A Selfless Act of Selfishness

Even I have to admit, the past few weeks have been a bummer.

First, I told you the story of Dolores and how her simple and beautiful acts of kindness toward my son impacted me and had me grieving the death of a person I barely even knew.

I told you about our dear client Barry and his sudden passing from cancer despite making health a huge priority.

Next, I revealed a bit about the difficulty surrounding my own financial struggles while giving you some basic actions I’ve taken to help overcome it. (Interestingly, this post yielded the lowest number of unsubscribes in the history of this newsletter. Chalk it up as a win for personal vulnerability!)

Finally, I relayed a story about how acting out of integrity is critical in order not to poison the waters and what ultimately led me to fall out of love with my previous gym.

That’s some heavy shit.

In an effort to turn that frown upside-down, my plan this week was just to hit you with some honest-to-goodness, straight-up-the-middle fitness advice. I mean, it’s likely that is what led you here in the first place rather than the promise of some middle-aged meathead prattling on about his feelings.

Truth be told, I just erased about 500 words discussing a great pet peeve of mine – people referring to a high volume phase (or any activity that includes getting your heart rate up) as “cardio” (when you spend your life in a gym, your pet peeves tend to be very specific) in order to bring you something that is perhaps more valuable and certainly less specific.

This week, I wanna get more meta. This is a blog about the blog itself.

(Quick aside: it took me about five years to understand what “meta” actually meant after I first heard it. But I think I get it now! Let me know if I’m still missing the mark.)

I have put out a new blog post (Gen Z translation: newsletter) every Monday for 85 weeks now. And while it has covered a wide range of topics from the proper consistency of oatmeal to Paul McCartney’s songwriting process to my own fitness transformation from overweight ad guy to cardio bunny to competitive weightlifter, there is one thing that has been consistent. And that’s its consistency (this statement may also be considered meta but of that I am less sure).

Writing has proven to be one of my favorite parts of my job because a) I can do it in solitude (some may considered being surrounded by aspiring entrepreneurs in a downtown WeWork as the opposite of solitude but, in New York, this is as close to solitude as you get) b) I get a tremendous amount of joy in writing and sharing my ideas in this way and c) I think it elevates training beyond simply lifting weights or running and, to me, that is the real magic of the thing of which I’ve made my life’s work.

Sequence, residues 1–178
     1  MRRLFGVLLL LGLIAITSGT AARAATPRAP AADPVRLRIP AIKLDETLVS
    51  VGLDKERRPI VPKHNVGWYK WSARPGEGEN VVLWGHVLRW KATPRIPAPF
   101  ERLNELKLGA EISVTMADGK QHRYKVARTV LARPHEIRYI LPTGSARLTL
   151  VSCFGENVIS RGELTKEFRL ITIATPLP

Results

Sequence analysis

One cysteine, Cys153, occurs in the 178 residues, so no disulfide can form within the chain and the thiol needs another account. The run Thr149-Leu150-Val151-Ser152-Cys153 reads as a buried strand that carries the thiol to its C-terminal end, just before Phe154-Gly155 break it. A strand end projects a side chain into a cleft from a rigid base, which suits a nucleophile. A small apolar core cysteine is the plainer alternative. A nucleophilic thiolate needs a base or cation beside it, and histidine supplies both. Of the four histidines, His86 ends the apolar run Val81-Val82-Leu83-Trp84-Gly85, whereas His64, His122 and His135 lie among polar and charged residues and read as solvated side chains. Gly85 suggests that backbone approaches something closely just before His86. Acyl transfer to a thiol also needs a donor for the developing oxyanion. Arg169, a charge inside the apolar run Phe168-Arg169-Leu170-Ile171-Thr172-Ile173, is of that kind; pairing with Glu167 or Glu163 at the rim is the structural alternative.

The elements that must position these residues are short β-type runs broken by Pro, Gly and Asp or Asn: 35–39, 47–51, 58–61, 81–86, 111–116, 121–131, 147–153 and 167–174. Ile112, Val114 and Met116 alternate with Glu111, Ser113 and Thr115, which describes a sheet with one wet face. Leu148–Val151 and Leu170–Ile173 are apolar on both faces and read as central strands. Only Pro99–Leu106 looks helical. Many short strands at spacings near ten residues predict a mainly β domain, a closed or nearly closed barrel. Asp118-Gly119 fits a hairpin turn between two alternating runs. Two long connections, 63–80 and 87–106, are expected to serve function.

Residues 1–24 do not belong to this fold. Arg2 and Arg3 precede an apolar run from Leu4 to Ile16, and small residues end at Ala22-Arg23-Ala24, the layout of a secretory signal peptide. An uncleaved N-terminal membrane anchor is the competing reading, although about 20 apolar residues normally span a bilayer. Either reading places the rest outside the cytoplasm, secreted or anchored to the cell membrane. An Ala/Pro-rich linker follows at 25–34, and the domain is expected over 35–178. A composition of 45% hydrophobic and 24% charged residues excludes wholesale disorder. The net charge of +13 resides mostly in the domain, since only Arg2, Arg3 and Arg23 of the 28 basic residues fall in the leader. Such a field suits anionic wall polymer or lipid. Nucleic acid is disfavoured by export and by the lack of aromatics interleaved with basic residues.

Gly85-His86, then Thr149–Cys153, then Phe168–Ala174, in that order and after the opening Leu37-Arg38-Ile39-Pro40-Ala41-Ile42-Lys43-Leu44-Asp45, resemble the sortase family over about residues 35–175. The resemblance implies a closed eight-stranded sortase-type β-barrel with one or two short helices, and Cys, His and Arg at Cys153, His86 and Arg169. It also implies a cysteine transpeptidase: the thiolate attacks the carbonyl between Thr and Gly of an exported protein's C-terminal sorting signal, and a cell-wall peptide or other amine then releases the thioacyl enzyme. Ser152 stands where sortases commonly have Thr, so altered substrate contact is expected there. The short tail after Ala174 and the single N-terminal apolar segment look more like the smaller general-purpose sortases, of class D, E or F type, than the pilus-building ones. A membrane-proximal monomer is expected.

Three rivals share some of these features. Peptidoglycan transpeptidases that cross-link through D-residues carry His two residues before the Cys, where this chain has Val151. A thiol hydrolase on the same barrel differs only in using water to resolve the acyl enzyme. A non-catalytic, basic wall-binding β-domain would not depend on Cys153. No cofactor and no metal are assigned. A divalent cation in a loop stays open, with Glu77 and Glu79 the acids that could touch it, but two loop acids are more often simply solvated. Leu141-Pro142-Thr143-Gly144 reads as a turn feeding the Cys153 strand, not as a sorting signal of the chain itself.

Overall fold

Lately, however, I’ve been wondering if it is worth it.

Is this the best place to spend my time and efforts if my ultimate goals are to run a successful business that brings meaningful fitness into people’s lives and helps them believe in themselves more than they would otherwise.

For example if I just spent more time talking to people one on one – listening to their fitness goals and challenges and educating them on what might work best for them – rather than this format of one (me) to many (you) would I effectively get more people to actually give this training a chance.

But just as these thoughts swirl in my head I am brought back to the keyboard by two main things.

One, quite honestly, is your feedback. This writing goes out to thousands of people with slightly fewer thousands of people opening it. And while typically only a handful of people decide to comment on any given post given its subject matter, the thought that my words have impacted you and provided some level of value is remarkably meaningful to me.

As I mentioned about Dolores a few weeks back, a small act of kindness can send tremendous shockwaves through a person or a community. Writing back that my words have sparked emotion or action or provoked thought is your small act of kindness to me. And of that I am grateful and appreciative and motivated.

Secondly, I remember a conversation I had with a long time client a long time ago.

I was training hard for a weightlifting competition, the results of which would make no substantive impact on my life.

“I can’t figure out why this has become important to me,” I said to him. “But it has.”

“That is exactly what makes it great,” he replied.

That thought, perhaps most directly, is why I continue to write to you each week.

And maybe the reason you should continue (or, even better, start!) something of which you get great satisfaction from even if you can’t pinpoint its value beyond that.

Surely I write this in the hopes of informing and educating you about fitness. Of giving you something to relate to so you don’t feel alone. Of providing media content for the business. Of giving my Mom something to read so she can know me better or drop tidbits in about my wife so she knows how smart I think she is.

Turns out there are a million reasons I do this.

Not the least of which is me.